A few notes. Only trucks were considered. Complain if you will, but if it was a trailer or a cart, if it needed something to pull, drag, push, or carry it, if it wasn't on four wheels and couldn't move on its own power from parking ticket to parking spot? Gone. Some cities (especially much-beloved Portland, Ore.) pained editors, but many of their food "trucks" didn't make the cut because they weren't well, trucks. Also, this is a list of food trucks. Food trucks that make just cupcakes or coffee are cupcake or coffee trucks, not food trucks. With the rare exception, it didn't seem fair to include trucks serving shaved ice or ice cream with those doing full menus. (America's best food cart and ice cream truck lists will follow.)
One last thing: The Daily Meal's list reads now a bit like a defense of food trucks. This isn't a business model that should need defending. Many problems food trucks face (including in D.C., Chicago, and even New York), aren't fair and should (at least) be cared about enough by office workers that they should be making noise on behalf of the hard-working folks who make them lunch. Running a food truck is a tough job, one where just being "cool" doesn't pay the bills. As The New York Times' magazine recently noted, some would say "The Food-Truck Business Stinks."
To restaurant owners who have had their ire raised by trucks: yes, there are offenders. But brick-and-mortar establishments who claim trucks feed off them should consider this:
1.Competition breeds better restaurants. Worried about trucks making better food than you? Cook better food! Provide better service. You have a roof, walk-in, and staff. You should be able to.
2.Make customers feel more valued or feel that they're getting more value.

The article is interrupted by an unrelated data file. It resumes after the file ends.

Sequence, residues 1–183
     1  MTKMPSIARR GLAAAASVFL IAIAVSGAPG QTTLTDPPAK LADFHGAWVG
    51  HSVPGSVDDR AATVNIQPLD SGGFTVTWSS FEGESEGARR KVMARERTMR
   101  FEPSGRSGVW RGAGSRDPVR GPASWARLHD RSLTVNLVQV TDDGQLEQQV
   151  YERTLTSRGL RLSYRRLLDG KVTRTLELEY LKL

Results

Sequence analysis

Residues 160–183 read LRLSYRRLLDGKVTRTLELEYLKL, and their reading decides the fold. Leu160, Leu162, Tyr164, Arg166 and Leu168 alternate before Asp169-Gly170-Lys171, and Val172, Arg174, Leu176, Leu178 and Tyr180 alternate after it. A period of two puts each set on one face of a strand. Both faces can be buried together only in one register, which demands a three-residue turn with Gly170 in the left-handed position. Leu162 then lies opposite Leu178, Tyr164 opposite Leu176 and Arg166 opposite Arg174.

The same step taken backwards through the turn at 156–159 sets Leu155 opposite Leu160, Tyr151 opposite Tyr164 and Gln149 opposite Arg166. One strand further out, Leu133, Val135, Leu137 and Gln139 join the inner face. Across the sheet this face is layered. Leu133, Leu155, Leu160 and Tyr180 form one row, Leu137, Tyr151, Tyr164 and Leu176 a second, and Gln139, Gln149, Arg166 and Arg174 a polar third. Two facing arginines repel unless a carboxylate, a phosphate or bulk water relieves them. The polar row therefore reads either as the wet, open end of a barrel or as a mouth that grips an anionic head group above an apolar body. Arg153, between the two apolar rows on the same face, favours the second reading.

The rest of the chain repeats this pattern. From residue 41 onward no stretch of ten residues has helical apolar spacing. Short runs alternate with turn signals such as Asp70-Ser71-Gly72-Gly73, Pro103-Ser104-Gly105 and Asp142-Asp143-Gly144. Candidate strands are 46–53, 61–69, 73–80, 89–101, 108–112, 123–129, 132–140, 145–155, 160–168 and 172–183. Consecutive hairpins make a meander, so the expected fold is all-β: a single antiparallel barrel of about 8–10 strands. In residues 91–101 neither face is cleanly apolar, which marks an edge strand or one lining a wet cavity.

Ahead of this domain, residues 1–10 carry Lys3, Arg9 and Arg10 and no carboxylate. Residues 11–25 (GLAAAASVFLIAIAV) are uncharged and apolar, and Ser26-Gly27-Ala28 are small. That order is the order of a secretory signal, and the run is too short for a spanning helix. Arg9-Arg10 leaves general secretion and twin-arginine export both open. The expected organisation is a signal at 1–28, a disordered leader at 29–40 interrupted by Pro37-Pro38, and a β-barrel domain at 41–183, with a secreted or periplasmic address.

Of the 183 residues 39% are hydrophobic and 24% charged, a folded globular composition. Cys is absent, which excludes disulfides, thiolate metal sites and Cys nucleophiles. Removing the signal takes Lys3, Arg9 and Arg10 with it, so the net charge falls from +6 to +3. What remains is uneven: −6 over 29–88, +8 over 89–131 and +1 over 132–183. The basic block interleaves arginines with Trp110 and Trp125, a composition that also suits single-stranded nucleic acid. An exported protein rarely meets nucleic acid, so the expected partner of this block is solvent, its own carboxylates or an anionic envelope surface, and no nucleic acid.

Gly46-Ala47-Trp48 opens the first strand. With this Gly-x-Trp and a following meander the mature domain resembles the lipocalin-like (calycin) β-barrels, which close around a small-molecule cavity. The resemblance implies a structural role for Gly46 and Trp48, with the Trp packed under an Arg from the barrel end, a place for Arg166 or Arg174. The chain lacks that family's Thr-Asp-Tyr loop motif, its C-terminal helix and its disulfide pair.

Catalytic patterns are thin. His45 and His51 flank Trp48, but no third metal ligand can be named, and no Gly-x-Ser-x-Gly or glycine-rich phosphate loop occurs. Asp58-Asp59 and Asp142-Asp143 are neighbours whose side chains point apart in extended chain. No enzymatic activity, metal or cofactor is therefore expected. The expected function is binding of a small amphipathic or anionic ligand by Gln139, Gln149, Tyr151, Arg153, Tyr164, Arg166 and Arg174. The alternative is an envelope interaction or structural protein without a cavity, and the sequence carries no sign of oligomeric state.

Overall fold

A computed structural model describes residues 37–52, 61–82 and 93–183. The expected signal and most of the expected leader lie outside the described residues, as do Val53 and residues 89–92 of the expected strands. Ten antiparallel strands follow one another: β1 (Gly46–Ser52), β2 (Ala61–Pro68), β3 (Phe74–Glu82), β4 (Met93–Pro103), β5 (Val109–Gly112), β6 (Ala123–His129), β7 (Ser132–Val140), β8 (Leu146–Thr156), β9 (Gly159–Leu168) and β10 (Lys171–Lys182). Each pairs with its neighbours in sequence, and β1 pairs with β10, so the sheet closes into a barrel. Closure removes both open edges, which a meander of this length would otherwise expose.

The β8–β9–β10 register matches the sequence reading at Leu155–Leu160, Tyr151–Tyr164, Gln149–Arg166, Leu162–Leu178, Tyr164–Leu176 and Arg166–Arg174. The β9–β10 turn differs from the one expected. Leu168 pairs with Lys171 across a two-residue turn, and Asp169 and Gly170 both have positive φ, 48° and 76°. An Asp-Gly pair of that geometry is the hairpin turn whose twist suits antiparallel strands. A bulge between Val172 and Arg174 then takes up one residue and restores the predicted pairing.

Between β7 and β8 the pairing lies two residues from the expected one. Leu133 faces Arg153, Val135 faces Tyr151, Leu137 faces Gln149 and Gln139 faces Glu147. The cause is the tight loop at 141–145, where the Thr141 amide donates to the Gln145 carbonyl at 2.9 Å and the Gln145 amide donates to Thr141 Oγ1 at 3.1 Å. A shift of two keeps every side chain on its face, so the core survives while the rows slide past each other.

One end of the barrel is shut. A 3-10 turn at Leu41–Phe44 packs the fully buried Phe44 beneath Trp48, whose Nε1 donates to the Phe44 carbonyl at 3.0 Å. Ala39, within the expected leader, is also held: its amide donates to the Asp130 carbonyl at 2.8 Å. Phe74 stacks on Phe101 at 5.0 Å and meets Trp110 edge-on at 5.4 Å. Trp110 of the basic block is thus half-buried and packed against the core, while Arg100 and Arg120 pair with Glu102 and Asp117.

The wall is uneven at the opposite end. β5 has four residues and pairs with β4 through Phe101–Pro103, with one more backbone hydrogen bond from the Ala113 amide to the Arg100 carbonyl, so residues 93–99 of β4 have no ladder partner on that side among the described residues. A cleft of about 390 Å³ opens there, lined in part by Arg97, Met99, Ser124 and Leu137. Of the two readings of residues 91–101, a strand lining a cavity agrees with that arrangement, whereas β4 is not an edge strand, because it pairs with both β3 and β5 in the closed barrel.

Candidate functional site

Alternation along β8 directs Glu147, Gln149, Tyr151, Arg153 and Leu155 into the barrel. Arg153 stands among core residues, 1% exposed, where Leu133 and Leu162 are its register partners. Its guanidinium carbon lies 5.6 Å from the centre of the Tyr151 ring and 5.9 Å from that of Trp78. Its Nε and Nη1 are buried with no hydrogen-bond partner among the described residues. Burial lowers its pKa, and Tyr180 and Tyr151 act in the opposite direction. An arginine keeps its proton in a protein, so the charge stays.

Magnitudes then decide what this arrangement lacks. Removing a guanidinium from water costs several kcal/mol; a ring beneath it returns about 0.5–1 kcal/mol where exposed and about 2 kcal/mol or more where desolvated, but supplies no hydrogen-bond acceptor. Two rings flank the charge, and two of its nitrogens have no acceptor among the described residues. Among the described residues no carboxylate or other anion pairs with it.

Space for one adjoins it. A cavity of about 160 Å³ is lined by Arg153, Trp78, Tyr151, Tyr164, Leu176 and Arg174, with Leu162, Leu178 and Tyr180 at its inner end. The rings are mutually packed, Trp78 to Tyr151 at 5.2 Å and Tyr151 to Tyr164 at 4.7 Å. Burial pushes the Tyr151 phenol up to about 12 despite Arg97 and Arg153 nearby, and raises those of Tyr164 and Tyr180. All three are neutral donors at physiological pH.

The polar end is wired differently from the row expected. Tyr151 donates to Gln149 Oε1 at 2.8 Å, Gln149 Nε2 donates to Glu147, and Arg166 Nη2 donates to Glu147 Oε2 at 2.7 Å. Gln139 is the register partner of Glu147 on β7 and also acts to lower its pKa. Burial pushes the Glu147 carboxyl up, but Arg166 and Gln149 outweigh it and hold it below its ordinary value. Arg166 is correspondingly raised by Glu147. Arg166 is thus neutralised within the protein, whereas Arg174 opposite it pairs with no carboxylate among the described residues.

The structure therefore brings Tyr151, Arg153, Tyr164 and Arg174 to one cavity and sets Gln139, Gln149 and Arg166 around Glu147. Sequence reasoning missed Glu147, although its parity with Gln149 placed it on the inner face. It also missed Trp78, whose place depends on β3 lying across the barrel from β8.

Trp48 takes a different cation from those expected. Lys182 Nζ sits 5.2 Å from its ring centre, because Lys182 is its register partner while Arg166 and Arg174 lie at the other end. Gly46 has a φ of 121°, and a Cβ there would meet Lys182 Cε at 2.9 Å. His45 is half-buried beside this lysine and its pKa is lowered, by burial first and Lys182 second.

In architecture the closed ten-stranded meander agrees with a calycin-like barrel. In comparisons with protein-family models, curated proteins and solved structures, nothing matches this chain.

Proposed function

3.Do you pay rent? Respect. That doesn't entitle you to business.
But enough with the rules! What were the results? How did they rank? You'll have to peruse the list, or watch the slideshow for specifics, but this year's list, while including some seven different cuisines or types of fare, was still dominated by Asian fusion, burgers, sandwiches, grilled cheese, and tacos. Pizza and lobster rolls were other predictable leaders, but there were some impressive chef-y menus, too.
Los Angeles (16 food trucks), San Francisco (11 food trucks), and New York City (10 food trucks) still lead all cities. But last year's biggest winners lost ground. Boston, Chicago, D.C., Los Angeles, New York, Philadelphia, San Francisco, and Seattle lost 11 total spots. Food trucks in cities like Cleveland, Dallas, Durham, Fresno, Oakland, Reno, San Antonio, San Diego, Santa Monica, and Wichita ranked, while Houston, Vegas, Miami, Nashville, Portland, and St. Louis gained spots. Why? Factoring in Facebook altered trucks' social factor (if you don't like the ranking, encourage your favorite food trucks to seek out more likes and followers!). But the biggest reason is that food trucks in more cities are just making better food. And that's a trend you can bet on continuing to see going forward.
So, from tacos considered "the best thing in Nashville since country music" to kimchi kraut and bulgolgi-covered hot dogs in Portland, here's the list of the 101 Best Food Trucks in America for 2013, any of which we'd be thrilled to wait in line at for a meal worthy of eating standing up.
- Arthur Bovino, The Daily Meal